Zano - the blame game continues
The fallout from the collapse of Europe's biggest Kickstarter project continues. The crowdfunding platform has been heavily criticised by Zano backers, who believe they were duped into spending £2.3m on the mini-drone. Now Kickstarter has responded to their complaints.
In a letter to all backers it says: "Like you, we're extremely frustrated by what's happened with this project." It goes on to explain that Kickstarter emailed Zano's creators a couple of weeks before the announcement that the project had gone bust to encourage them to be more communicative with the backers, but received only "a cursory response.".
Now Kickstarter says it has contacted the Zano team again to seek an "open and transparent account" of what went wrong. If this is not forthcoming, the crowdfunding platform says it will mount its own inquiry into the project. Failure by the drone's creators to meet their obligations, it warns, will lay them open to legal action by backers. What's more, "the creators of Zano will not be allowed to launch another project on Kickstarter".
It is safe to say that while some backers have moved on, accepting that Kickstarter projects can go wrong, many have been unimpressed by this letter. "I feel they still cannot waive their responsibility this easy. They are a part of the deal and make money from it," writes one on a Facebook forum. "Why won't they refund their fee to us?" writes another " or... use that money to hire legal counsel to represent us collectively?"
Plenty of questions remain to be answered about the Zano debacle, but uppermost in backers' minds will be the issue of getting their money back. People who pre-ordered a drone after the Kickstarter campaign are quite well-placed if they paid by credit card. Under the UK's Consumer Credit Act they should be able to get a refund if the drone was not delivered - or was faulty, as appears to have been the case.
The situation for the people who originally pledged their cash to back the project is a lot less clear. The card companies will want to examine carefully the nature of the contract between the backers, Zano and Kickstarter, before offering any refunds - and the trade body UK Cards told me that it could not comment on the likely outcome.
The other question is, of course, what went wrong? I have spoken to one backer who also had some business dealings with Torquing Group, the firm behind Zano. He had a plan to use several of the mini-drones together for aerial tracking and filming, taking advantage of their "swarming" capability which was supposed to be a key feature but never worked.
He tells me that Torquing had told him it had also been in discussions with a UK insurance company that wanted to use the drones to inspect damaged roofs, apparently a major issue of dispute in home insurance claims. It was clear that there could have been plenty of customers for the Zano - if it had worked.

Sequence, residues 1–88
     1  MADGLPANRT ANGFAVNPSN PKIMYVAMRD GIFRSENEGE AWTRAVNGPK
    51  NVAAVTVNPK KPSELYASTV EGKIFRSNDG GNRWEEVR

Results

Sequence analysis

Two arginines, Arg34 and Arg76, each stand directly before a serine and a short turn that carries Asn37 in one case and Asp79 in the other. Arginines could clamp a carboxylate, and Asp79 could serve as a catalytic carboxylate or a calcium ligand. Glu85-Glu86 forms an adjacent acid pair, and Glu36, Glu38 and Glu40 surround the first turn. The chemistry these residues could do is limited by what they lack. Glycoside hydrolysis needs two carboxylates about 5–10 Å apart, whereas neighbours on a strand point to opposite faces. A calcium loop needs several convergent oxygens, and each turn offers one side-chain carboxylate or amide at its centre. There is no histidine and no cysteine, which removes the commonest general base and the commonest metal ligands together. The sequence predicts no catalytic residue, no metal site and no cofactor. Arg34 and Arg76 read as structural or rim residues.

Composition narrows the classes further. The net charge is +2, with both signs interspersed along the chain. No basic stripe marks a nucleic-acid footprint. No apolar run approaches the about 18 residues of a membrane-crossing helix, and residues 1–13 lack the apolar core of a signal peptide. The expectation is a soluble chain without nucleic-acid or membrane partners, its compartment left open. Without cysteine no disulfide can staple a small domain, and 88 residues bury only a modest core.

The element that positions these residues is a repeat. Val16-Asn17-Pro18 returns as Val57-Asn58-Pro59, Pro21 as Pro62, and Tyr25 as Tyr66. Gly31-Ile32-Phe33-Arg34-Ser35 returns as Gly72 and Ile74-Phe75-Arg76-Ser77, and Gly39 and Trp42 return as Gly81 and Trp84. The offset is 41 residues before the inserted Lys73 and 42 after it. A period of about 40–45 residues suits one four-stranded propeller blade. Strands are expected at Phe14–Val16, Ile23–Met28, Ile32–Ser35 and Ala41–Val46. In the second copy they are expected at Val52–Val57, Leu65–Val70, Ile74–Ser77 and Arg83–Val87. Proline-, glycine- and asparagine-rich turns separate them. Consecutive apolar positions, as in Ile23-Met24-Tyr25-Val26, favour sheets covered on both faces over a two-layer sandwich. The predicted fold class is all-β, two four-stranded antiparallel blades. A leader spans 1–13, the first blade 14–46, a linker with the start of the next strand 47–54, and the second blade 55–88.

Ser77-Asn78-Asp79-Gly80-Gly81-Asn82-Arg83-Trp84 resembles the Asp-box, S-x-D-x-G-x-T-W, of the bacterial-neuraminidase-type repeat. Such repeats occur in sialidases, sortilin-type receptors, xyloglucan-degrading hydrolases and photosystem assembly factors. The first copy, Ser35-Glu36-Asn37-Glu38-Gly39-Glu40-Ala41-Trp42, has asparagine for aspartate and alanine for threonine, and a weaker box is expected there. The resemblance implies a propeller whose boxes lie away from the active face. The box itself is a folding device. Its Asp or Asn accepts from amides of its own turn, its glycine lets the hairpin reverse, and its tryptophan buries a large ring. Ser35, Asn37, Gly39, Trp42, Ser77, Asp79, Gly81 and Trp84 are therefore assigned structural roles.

My contact disagrees with those who feel the company had deceived them from the start. He had been told that the Torquing Group had had half a dozen prototypes built - at a cost of as much as £30,000 each. The problem was that the small team then forged ahead with mass production, only to find that they could not build a stable device that would retail at around £200.
"I just think they made poor decisions," he says. "They should have got some experts in." But he believes that where they really went wrong was not being frank with backers at an early stage: "They should have said 'We can't do this' and returned what was left of the money."
But this man and other backers still believe that Kickstarter now needs to change, paying far more careful attention to the initial claims made by technology hardware projects. It seems the crowdfunding platform has now woken up to the threat posed to its reputation by failures like Zano. It is keen to point the finger at the creators - but the backers think there is plenty of blame to go round, and Kickstarter will remain in their sights.
UPDATE - 15:30 GMT
A letter from the liquidators of the Torquing Group has shed new light on the status of Zano backers. It informs them that the money they pledged is neither "debts owed by the company nor are they equity investments.".
That means they are not creditors, and cannot attend the creditors' meeting on Friday - they are told not to "waste their time and money by travelling here on 4th December 2015".
Both the content and the tone of the letter have caused extreme anger among the backers. It also raises further questions about whether Kickstarter needs to be clearer in its warnings about the risks involved in pledging money to a project.